I find it Hard to believe that an entire decade has passed since I became the editor of this magazine. The day my inaugural issue hit local newsstands in November 2012 was the day Vail Resorts debuted the centerpiece of its namesake mountain’s 50th anniversary celebration: Gondola One, a luxurious modern upgrade (featuring Wi-Fi-enabled cabins with heated seats, one vinyl-wrapped in faux gold leaf) named for the original lift that began whisking skiers (in then state-of-the-art four-passenger, unheated fiberglass cabins made by Bell Aerospace) from the top of Bridge Street to Mid-Vail on December 15, 1962.
The logo of Vail-Beaver Creek’s Holiday 2012–13 edition was likewise gilded, referencing a cover story chronicling the history of Vail’s first 50 years in a pictorial retrospective that since has become a collector’s item. For Vail’s diamond anniversary, this issue’s logo (and Gondola One) is bedazzled. And the cover story (“Inherit the Winter,” p. 80) focuses on interviews with the scions of Vail, the sons and daughters and grandsons and granddaughters of the resort’s founders, who through recollection resurrect many of the departed souls who birthed from whole cloth the ski mountain and village Aspenites deride as “Plastic Bavaria” and imbued this place with its indelible spirit. With this telling I also included an artifact that ran along the bottom of every page of our golden anniversary cover story: a timeline charting key moments and figures from the resort’s first 50 years, updated with 10 more. For me, a personal highlight from that next decade was the afternoon I spent visiting with astronaut Scott Carpenter in his East Vail living room, not long before his death in 2013. Wearing an aviator’s jacket, Carpenter recalled the day he first skied China Bowl in 1962 with Vail bigwigs Dick Hauserman, Bob Lange, Pete Seibert, and Morrie Shepard with as much clarity and awe as his recollection of the day he had rocketed into orbit alone atop a Mercury-Redstone a few months earlier (“I fell a bunch in that deep powder, but I never forgot that day. It gave me a chance to commit a deadly sin: envy. I wanted to ski as well as those guys did.”).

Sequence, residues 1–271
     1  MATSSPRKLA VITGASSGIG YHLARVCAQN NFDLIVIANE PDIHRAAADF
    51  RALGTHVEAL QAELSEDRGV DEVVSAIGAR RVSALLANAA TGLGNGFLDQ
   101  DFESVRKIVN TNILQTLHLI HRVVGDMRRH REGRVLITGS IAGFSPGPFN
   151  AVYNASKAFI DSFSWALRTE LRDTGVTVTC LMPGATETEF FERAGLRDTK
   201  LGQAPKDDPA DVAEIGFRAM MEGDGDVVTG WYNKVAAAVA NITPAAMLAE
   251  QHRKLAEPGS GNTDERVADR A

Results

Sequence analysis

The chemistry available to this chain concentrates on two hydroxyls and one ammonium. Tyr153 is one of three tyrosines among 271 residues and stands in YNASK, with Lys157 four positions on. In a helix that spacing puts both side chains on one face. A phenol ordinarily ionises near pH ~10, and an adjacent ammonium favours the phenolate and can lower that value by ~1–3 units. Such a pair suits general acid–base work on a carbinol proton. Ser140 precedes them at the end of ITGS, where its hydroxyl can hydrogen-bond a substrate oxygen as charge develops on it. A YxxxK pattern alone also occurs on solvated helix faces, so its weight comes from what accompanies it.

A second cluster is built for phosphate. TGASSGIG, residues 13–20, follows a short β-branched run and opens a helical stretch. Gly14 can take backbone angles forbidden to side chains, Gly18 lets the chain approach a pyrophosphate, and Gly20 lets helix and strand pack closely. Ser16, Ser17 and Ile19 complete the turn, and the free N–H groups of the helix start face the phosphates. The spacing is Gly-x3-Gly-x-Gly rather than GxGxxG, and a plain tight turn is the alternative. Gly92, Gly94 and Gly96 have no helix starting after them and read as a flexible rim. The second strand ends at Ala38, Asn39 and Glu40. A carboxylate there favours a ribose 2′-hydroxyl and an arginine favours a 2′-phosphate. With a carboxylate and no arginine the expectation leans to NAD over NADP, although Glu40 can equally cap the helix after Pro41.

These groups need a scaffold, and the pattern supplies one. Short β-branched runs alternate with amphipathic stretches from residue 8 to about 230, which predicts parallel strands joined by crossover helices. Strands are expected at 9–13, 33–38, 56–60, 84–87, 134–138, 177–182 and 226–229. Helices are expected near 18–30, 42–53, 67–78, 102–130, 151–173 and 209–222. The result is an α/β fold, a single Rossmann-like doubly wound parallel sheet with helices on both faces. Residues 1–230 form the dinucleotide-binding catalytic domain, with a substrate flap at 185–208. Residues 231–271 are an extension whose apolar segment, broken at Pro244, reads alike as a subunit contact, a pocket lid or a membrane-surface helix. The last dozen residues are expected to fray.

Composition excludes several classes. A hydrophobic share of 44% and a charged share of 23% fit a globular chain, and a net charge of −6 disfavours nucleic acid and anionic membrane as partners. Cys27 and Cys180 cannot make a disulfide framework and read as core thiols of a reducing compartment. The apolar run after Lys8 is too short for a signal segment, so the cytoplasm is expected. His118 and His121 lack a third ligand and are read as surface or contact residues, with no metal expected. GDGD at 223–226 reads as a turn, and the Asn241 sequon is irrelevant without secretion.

As it happens, Carpenter wrote the forward to Dick Hauserman’s 2003 historical memoir The Inventors of Vail. Hauserman, who served on the resort’s original board of directors and designed Vail’s iconic logo, dedicated an entire chapter to a character who shaped early village life, titled “Bill Whiteford: The Lovable, Incorrigible Scoundrel.” Whiteford, a self-described “trust-fund baby” (the Stanford-educated son of an Oklahoma oil executive) settled in Vail in 1962 and directly across Bridge Street from Pepi’s opened The Casino, which was named for and modeled after Kitzbuhel’s Reisch Tanz Casino. The restaurant (with a two-story dance hall dubbed the largest discotheque in the state) quickly established Whiteford’s bona fides as an entrepreneur, and the fledgling resort as a must-visit destination (attracting acts like Dizzy Gillespie, and scandalously Miss Bo Peep, a stripper that Whiteford, a serial practical joker, hired to entertain a 1965 convention of wool merchants who had asked for a Greek belly dancer). More famous/infamous than the Casino was the Ice Bar Whiteford opened atop Mid-Vail in February 1964. Without permission from resort directors, “William the Good,” as he was known, somehow managed to build a 30-foot-diameter circular chest-high concrete bar encased in snow and ice that operated off and on for two months before it was shut down permanently by the US Forest service for want of a license. “Bill,” Hauserman wrote, “wanted to show Vail that with a little more effort they could make the guests like Vail even more.”
To that end, for its 60th anniversary season, Vail Mountain sagely will reprise Whiteford’s Ice Bar (presumably with the required permits). Although I never met Whiteford (who died in 2008), I will raise a glass at Mid-Vail this winter in his memory.